Fort Dade (1)
Fort Dade (1) (1837-1842) - A U.S. Army post established in 1837 during the Second Seminole War by Lieutenant Colonel William S. Foster, 4th U.S. Infantry, in present day Pasco County, Florida. Named for Major Francis F. Dade, 4th U.S. Infantry, who died, 28 Dec 1835, along with his entire command, save three, in what came to be known as the "Dade Massacre." Abandoned in 1838.
Fort Dade (1) History
A U.S. Army post established in January 1837 during the Second Seminole War under the supervision of Lieutenant Colonel William S. Foster, 4th U.S. Infantry and elements of the 1st U.S. Infantry, the 3rd U.S. Infantry and the 4th U.S. Infantry.
The post was built to protect a bridge over the Withlacoochee River that was a part of the Fort King Road. Fort Dade became the headquarters of the Army of the South from its establishment to the end of March, 1837. During that period Major General Thomas S. Jesup was in residence. On 6 Mar 1837 Seminole leaders, Jumper and Aligator signed the "Fort Dade Articles of Capitulation" and agreed to the removal of the Seminoles to western lands. They later cleverly reneged on the agreement after the U.S. had compensated them for the move and they disappeared back into the countryside to continue the war.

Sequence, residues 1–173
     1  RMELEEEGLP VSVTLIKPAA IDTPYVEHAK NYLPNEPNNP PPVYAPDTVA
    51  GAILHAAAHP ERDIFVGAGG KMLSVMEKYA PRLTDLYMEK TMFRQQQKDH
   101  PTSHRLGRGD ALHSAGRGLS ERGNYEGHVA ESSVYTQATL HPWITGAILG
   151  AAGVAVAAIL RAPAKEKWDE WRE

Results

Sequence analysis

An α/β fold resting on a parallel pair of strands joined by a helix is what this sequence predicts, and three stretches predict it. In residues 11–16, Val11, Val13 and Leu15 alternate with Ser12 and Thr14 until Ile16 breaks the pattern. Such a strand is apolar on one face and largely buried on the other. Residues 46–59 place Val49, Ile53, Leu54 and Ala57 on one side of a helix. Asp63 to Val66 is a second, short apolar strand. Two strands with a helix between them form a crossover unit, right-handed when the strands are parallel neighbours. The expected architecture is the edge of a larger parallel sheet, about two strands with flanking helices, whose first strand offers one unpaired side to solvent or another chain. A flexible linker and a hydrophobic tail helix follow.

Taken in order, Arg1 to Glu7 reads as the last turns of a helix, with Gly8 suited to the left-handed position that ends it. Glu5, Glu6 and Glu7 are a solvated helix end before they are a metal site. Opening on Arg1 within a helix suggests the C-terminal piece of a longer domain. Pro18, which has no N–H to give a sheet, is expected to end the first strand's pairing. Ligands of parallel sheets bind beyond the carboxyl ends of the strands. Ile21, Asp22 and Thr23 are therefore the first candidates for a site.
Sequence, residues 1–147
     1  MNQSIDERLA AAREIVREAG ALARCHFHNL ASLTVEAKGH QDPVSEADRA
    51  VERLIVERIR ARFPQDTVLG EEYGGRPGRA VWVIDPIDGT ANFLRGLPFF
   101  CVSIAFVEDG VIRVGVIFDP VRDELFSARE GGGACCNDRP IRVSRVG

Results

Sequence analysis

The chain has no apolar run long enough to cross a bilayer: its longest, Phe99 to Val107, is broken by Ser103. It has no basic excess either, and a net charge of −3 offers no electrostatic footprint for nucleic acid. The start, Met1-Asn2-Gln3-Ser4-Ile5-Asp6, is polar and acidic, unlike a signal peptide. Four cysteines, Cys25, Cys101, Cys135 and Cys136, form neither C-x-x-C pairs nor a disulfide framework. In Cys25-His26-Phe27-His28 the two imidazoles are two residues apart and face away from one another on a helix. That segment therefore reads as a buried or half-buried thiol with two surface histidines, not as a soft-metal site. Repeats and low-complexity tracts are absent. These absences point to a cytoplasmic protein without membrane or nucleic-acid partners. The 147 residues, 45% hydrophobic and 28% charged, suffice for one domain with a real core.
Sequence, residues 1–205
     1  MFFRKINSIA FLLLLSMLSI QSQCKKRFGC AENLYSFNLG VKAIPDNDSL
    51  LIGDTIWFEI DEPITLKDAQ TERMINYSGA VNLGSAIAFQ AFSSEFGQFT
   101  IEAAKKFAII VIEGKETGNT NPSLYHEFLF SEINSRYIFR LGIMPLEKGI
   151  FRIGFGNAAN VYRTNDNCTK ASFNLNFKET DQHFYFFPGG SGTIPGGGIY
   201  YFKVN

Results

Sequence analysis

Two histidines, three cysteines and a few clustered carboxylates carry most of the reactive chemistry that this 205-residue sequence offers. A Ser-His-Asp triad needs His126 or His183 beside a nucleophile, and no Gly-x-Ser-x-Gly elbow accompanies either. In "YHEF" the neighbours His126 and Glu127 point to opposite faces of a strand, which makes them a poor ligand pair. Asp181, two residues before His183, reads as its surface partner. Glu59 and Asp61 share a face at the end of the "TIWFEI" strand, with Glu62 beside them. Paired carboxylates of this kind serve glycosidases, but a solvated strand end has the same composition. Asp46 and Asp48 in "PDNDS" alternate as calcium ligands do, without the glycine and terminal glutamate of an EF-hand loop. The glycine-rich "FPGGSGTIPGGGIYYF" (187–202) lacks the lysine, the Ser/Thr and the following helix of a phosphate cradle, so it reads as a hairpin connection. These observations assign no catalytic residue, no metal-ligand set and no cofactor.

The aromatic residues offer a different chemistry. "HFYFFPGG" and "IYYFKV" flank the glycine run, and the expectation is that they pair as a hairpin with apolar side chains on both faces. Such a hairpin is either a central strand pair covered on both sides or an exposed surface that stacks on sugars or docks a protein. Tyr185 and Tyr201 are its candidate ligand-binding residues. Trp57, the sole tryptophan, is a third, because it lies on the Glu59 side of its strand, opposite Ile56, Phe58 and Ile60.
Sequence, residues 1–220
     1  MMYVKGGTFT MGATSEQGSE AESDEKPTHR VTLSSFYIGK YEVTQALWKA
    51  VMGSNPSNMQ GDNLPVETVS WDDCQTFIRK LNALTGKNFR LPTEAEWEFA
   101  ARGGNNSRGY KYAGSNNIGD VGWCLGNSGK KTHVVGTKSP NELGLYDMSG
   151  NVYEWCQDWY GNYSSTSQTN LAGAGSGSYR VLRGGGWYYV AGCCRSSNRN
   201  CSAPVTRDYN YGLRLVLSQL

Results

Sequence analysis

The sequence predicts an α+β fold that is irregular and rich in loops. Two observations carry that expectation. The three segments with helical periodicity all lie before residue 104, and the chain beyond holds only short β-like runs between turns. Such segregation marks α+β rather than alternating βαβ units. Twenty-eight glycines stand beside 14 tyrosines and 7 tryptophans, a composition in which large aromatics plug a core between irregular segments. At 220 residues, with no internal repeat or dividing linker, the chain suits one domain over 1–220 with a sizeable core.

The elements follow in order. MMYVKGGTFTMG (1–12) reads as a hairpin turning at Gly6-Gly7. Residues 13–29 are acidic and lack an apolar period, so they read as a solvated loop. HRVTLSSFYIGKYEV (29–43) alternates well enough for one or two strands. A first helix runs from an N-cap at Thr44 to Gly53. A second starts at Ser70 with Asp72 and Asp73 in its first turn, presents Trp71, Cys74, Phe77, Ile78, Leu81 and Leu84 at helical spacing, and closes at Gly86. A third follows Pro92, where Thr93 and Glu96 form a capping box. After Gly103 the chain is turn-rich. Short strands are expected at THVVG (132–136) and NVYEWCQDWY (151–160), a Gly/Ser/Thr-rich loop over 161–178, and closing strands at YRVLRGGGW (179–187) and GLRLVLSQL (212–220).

The post was declared unhealthy and abandoned for the summer in 1838 and the Seminole Indians burned it and the bridge down. The site was occupied sporadically until finally abandoned at the end of the war in 1842.
Site owned by Seminole Wars Historic Foundation, Pasco County, Florida